Lewis adds a postcript to the novel that purports to be a letter to the author from "the original of Dr Ransom", an acquaintance on whom the Ransom character is based. Supposedly their friendship began when Lewis - a medievalist - found a twelfth century account of a voyage through the heavens that introduced a being there called Oyarses, "the intelligence or tutelary spirit of a planet".In a nonfiction book, The Discarded Image, that Lewis published late in life, he discusses the 12th century Platonist, Bernardus Silvestris - "Bernard of the Woods" - who wrote about a journey out of this world and planetary gods he called Oyarses.
     There are more clues to Lewis' evolving thinking about how we can open and maintain communication with the intelligences of other star systems in the partial draft of a late novel he did not intend to publish. Lewis's former secretary narrowly managed to save this from a bonfire on which the author's brother was burning his manuscripts shortly after his death. This unfinished novel, titled "The Dark Tower" by the editor, involves time travel. The editor suggests it is the true sequel to Out of the Silent Planet.l
     In the postcript to Out of the Silent Planet Lewis made the fascinating suggestion that time travel will be the key to travel to intelligent life on other planets.The last sentence in that postscript reads as follows: "The way to the planets lies through the past; if there is to be any more space-traveling, it will have to be time-traveling as well."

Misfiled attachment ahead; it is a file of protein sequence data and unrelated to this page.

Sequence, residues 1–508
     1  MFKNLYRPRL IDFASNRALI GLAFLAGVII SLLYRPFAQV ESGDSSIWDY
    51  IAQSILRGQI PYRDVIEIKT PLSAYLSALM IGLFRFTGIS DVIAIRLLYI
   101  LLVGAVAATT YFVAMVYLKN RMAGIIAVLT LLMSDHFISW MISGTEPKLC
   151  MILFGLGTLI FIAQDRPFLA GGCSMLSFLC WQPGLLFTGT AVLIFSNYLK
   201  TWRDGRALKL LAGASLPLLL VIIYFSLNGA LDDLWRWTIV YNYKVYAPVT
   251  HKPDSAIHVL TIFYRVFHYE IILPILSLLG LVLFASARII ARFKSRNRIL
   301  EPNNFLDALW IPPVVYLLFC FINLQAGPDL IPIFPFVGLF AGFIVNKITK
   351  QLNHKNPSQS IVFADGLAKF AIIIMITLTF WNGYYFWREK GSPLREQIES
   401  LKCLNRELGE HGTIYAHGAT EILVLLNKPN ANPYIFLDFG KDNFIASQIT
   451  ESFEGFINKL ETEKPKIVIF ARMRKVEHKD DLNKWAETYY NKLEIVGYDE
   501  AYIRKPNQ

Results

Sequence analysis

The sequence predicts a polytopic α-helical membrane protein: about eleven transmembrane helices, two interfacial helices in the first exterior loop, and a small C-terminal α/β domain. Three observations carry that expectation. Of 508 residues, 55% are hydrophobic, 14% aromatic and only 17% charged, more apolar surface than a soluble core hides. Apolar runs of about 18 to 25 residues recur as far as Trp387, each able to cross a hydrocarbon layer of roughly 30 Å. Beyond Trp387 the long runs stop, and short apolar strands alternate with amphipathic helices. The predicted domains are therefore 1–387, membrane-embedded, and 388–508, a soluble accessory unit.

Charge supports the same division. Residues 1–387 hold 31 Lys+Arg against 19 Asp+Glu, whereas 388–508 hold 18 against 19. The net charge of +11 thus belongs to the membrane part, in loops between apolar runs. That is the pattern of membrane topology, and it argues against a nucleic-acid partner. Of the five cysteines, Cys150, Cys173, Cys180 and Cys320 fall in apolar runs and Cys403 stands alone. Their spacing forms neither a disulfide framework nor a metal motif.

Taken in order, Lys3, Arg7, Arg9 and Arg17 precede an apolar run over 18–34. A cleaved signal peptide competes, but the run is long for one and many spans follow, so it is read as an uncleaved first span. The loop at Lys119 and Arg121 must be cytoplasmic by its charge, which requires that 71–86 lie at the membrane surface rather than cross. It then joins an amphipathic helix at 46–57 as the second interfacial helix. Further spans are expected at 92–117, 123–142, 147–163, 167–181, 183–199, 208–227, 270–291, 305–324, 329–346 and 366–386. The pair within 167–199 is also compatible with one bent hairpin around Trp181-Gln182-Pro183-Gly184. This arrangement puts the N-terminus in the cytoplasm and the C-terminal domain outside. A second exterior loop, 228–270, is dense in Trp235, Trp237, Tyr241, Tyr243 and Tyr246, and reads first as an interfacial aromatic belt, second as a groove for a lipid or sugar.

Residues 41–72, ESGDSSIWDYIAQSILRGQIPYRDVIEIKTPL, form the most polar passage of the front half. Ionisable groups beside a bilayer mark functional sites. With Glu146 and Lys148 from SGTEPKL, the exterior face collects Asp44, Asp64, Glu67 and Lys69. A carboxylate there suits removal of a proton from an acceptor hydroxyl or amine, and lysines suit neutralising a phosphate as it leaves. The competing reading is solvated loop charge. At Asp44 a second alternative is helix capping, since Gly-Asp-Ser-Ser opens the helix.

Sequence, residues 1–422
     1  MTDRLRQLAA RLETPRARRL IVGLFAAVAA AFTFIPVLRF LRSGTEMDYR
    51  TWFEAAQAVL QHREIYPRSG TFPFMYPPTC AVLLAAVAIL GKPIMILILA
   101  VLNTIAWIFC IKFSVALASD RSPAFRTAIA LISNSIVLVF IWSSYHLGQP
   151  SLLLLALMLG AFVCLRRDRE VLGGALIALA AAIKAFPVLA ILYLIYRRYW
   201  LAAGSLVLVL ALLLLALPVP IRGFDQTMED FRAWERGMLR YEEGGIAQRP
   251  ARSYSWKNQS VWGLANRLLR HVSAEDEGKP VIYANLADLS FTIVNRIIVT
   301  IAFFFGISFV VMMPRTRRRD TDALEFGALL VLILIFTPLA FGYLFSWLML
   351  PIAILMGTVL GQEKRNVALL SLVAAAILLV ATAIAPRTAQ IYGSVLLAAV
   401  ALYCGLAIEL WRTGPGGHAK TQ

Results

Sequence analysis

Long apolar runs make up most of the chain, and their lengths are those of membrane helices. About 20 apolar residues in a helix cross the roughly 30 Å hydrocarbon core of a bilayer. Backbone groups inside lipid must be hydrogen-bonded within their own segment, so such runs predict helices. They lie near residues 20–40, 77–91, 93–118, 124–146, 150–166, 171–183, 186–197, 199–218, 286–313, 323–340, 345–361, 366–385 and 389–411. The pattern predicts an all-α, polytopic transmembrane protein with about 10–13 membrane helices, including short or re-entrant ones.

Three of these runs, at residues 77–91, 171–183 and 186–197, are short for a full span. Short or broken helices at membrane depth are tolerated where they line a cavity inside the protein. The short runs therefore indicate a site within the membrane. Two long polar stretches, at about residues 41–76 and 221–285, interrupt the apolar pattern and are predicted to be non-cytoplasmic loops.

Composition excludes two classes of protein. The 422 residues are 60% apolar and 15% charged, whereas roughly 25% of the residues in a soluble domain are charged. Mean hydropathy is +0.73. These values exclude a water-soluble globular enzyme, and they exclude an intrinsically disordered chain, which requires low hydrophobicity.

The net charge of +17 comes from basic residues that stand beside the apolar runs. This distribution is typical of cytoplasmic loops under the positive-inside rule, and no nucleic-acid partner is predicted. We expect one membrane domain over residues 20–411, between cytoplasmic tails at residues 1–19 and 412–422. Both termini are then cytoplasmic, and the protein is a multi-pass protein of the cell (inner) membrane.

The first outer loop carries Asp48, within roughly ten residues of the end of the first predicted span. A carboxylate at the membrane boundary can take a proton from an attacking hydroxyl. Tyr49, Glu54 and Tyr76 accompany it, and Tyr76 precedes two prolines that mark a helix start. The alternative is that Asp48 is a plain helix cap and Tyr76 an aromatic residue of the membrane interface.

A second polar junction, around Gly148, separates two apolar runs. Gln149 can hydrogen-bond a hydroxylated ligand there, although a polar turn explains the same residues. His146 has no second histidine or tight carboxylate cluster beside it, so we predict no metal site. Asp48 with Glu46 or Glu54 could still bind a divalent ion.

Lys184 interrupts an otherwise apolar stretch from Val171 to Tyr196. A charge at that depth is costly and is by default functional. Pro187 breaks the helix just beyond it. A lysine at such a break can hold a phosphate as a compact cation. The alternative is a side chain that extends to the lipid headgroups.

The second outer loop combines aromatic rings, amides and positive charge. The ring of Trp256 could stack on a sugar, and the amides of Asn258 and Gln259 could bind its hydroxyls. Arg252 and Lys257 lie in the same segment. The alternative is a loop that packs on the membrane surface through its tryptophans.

The heart of the matter (as Lewis also came to believe) is that given the Cloaking of Earth, the best and safest way to reopen communication with benign intelligences on other planets and in other dimensions may be to go across time and take off from a past - or future - location. After leading many group journeys by flights of intrepid shamanic dream travelers (following the "Sirius" script I published in Dreamgates, and others) I believe he was correct.

Wednesday, August 22, 2018

Soul remembering in Yoruba tradition

The Yoruba say that the individual soul, or ori, goes before the high god Olodumare before it joins a physical body. The ori kneels down before Olodumare to receive its destiny. It comes into the world to fulfill this destiny:

What the ori comes to fulfill
It cannot but fulfill it.

This personal destiny is known as iponri, which means “the ori’s portion or lot.” The more fortunate and evolved souls choose their own destiny at the feet of the high god. Most souls accept their fate, with only limited ability to negotiate the details. A third category have their destinies “laid on their backs” and come into the world reluctantly.
     In the Yoruba version, when a soul has received its destiny from Olodumare, it embarks on its journey toward physical birth. When the soul arrives at one of the gates between the worlds, it must answer the question of the Gatekeeper, the oni’bode.

Gatekeeper: Where are you going?
Journeyer: I am going into the world.
Gatekeeper: What are you going to do?